Author: Alfred Cobban
Publisher: Cambridge University Press
Release Date: 1999-05-27
Alfred Cobban's The Social Interpretation of the French Revolution is one of the acknowledged classics of post-war historiography. This 'revisionist' analysis of the French Revolution caused a furore on first publication in 1964, challenging as it did established orthodoxies during the crucial period of the Cold War. Cobban saw the French Revolution as central to the 'grand narrative of modern history', but provided a salutary corrective to many celebrated social explanations, determinist and otherwise, of its origins and development. A generation later this concise but powerful intervention was reissued in this 1999 edition with an introduction by Gwynne Lewis, providing students with both a context for Cobban's own arguments, and assessing the course of Revolutionary studies in the wake of The Social Interpretation. This book remains a handbook of revisionism for Anglo-Saxon scholars, and is essential reading for all students of French history at undergraduate level and above.
Author: Henry Heller
Release Date: 2017-07-20
Genre: Political Science
"This text reasserts the Marxist view of the French Revolution as a bourgeois and capitalist revolution. Based mainly on articles published in the journal Historical Materialism it challenges the still dominant revisionist view of the French Revolution. It serves to restore the close tie between the history of the Old Regime and the Revolution. It demonstrates that the rise of a bourgeois capitalist class has a long history dating back to the sixteenth century. Moreover, it shows that the Revolution itself played a large role in strengthening the bourgeoisie politically and economically while bringing about the unification of financial and productive capital. Indeed, it shows that the rising of the masses during the Revolution, viewed by revisionism as economically regressive, in fact helped to bring about the consolidation of capitalism"--Publisher description.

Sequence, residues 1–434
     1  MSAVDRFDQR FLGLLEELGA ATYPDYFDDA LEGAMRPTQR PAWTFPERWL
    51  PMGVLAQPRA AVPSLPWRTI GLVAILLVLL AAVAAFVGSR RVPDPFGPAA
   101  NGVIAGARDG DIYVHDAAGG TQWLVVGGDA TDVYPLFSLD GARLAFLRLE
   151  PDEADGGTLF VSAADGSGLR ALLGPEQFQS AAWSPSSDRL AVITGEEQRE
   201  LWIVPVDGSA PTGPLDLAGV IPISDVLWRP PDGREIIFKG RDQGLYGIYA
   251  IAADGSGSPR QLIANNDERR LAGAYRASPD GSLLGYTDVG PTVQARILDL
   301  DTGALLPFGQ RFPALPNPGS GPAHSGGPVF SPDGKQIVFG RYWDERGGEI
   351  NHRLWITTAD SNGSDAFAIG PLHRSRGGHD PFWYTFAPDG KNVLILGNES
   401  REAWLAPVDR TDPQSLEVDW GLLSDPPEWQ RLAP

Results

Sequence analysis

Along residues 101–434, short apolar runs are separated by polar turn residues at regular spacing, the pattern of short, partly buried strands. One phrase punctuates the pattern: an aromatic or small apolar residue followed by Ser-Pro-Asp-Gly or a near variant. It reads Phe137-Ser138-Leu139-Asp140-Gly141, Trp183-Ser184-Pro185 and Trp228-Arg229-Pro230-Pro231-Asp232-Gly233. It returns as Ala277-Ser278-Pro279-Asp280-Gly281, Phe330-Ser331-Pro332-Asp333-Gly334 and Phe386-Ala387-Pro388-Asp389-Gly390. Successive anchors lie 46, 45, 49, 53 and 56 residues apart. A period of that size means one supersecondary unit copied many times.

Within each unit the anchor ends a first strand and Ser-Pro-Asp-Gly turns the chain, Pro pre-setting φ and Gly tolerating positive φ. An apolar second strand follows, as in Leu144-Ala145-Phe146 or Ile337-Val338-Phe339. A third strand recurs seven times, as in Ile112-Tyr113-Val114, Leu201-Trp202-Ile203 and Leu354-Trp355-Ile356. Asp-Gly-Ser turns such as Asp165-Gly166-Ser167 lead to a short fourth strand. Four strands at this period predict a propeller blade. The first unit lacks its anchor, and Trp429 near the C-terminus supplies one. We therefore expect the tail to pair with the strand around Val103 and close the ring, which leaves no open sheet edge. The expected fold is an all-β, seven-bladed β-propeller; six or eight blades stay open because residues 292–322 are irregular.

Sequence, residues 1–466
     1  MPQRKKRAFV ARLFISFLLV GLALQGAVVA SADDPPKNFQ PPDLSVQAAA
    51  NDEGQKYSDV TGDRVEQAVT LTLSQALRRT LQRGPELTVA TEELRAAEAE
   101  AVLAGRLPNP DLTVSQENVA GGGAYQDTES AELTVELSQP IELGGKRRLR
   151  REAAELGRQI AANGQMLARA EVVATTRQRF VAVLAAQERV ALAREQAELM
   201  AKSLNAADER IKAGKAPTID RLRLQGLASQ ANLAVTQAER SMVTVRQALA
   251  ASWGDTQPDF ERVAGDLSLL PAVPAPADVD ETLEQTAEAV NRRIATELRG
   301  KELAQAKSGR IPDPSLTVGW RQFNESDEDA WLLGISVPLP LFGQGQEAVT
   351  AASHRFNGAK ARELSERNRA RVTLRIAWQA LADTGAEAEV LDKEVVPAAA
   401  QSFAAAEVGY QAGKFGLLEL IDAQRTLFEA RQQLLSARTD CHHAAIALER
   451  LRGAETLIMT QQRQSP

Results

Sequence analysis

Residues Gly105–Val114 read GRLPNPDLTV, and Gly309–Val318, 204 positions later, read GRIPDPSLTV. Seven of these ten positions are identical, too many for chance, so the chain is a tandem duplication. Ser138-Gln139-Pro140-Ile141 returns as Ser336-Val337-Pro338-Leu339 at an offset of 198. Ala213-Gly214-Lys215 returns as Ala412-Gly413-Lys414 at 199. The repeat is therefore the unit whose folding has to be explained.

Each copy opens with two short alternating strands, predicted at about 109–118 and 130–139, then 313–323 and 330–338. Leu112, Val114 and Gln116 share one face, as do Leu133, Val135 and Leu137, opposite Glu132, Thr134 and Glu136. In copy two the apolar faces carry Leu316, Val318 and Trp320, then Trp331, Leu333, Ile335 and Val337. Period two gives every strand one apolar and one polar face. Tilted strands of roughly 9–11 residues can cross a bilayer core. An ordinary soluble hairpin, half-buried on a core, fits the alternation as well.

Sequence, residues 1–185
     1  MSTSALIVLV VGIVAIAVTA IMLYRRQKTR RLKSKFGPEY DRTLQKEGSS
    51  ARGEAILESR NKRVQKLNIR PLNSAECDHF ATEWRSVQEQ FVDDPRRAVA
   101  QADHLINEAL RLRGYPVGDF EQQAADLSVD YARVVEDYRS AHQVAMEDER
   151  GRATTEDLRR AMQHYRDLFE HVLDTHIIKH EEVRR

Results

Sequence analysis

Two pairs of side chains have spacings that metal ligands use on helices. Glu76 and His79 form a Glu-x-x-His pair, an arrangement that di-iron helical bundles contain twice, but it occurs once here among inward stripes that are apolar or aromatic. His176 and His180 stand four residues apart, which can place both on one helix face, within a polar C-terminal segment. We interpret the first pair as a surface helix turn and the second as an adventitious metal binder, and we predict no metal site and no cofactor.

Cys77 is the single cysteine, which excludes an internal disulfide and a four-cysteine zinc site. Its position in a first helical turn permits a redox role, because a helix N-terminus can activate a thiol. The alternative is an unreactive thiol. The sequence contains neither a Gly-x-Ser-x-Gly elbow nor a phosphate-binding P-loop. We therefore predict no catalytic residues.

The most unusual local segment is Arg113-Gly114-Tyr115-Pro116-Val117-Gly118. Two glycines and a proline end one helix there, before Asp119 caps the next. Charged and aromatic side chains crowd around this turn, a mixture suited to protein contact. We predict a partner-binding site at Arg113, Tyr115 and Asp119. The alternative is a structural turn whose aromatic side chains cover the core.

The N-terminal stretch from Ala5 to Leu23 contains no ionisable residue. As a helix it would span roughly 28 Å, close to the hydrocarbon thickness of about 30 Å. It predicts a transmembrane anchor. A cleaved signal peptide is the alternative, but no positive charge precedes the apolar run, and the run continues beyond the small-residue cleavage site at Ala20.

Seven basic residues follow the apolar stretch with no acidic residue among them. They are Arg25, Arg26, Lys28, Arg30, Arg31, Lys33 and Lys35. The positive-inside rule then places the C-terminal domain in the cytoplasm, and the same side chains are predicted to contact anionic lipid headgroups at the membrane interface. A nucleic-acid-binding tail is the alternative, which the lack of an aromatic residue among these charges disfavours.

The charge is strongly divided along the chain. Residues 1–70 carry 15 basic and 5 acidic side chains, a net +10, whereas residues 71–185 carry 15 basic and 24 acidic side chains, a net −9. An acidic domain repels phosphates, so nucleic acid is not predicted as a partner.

Author: Karl Radek
Publisher: Forgotten Books
Release Date: 2017-11-25
Genre: Political Science
Excerpt from Is the Russian Revolution a Bourgeois Revolution? A Keen Analysis of Situation in Soviet Russia In the revolution of 1789, and still more in the Revo lution of 1848, the working class of France together with the artisans who joined it, was already a growing and threatening power which clearly understood the conﬂict of proletarian and capitalist interests. These masses who were not yet united by industries on a large scale and who did not yet have a party which could unite them by an idea, these masses who fought with a confused idea of the Socialist Republic, were already the driving power and the leaders of the revolution. The defeat of these masses in June was the defeat of the revolution. The bourgeoisie did not develop the revolution after their victory; it was rather the workers who did it. The bour geoisie ended it and ﬂocked to the standards of Napo leon III. About the Publisher Forgotten Books publishes hundreds of thousands of rare and classic books. Find more at www.forgottenbooks.com This book is a reproduction of an important historical work. Forgotten Books uses state-of-the-art technology to digitally reconstruct the work, preserving the original format whilst repairing imperfections present in the aged copy. In rare cases, an imperfection in the original, such as a blemish or missing page, may be replicated in our edition. We do, however, repair the vast majority of imperfections successfully; any imperfections that remain are intentionally left to preserve the state of such historical works.
Author: François Furet
Publisher: University of Chicago Press
Release Date: 1988-12-14
Throughout his life Karl Marx commented on the French Revolution, but never was able to realize his project of a systematic work on this immense event. This book assembles for the first time all that Marx wrote on this subject. François Furet provides an extended discussion of Marx's thinking on the revolution, and Lucien Calvié situates each of the selections, drawn from existing translations as well as previously untranslated material, in its larger historical context. With his early critique of Hegel, Marx started moving toward his fundamental thesis: that the state is a product of civil society and that the French Revolution was the triumph of bourgeois society. Furet's interpretation follows the evolution of this idea and examines the dilemmas it created for Marx as he considered all the faces the new state assumed over the course of the Revolution: the Jacobin Terror following the constitutional monarchy, Bonaparte's dictatorship following the parliamentary republic. The problem of reconciling his theory with the reality of the Revolution's various manifestations is one of the major difficulties Marx contended with throughout his work. The hesitation, the remorse, and the contradictions of the resulting analyses offer a glimpse of a great thinker struggling with the constraints of his own system. Marx never did elaborate a theory of an autonomous state, but he never stopped wrestling with the challenge to his doctrine posed by late eighteenth-century France, whose changing conditions and successive regimes prompted some of his most intriguing and, until now, unexplored thought.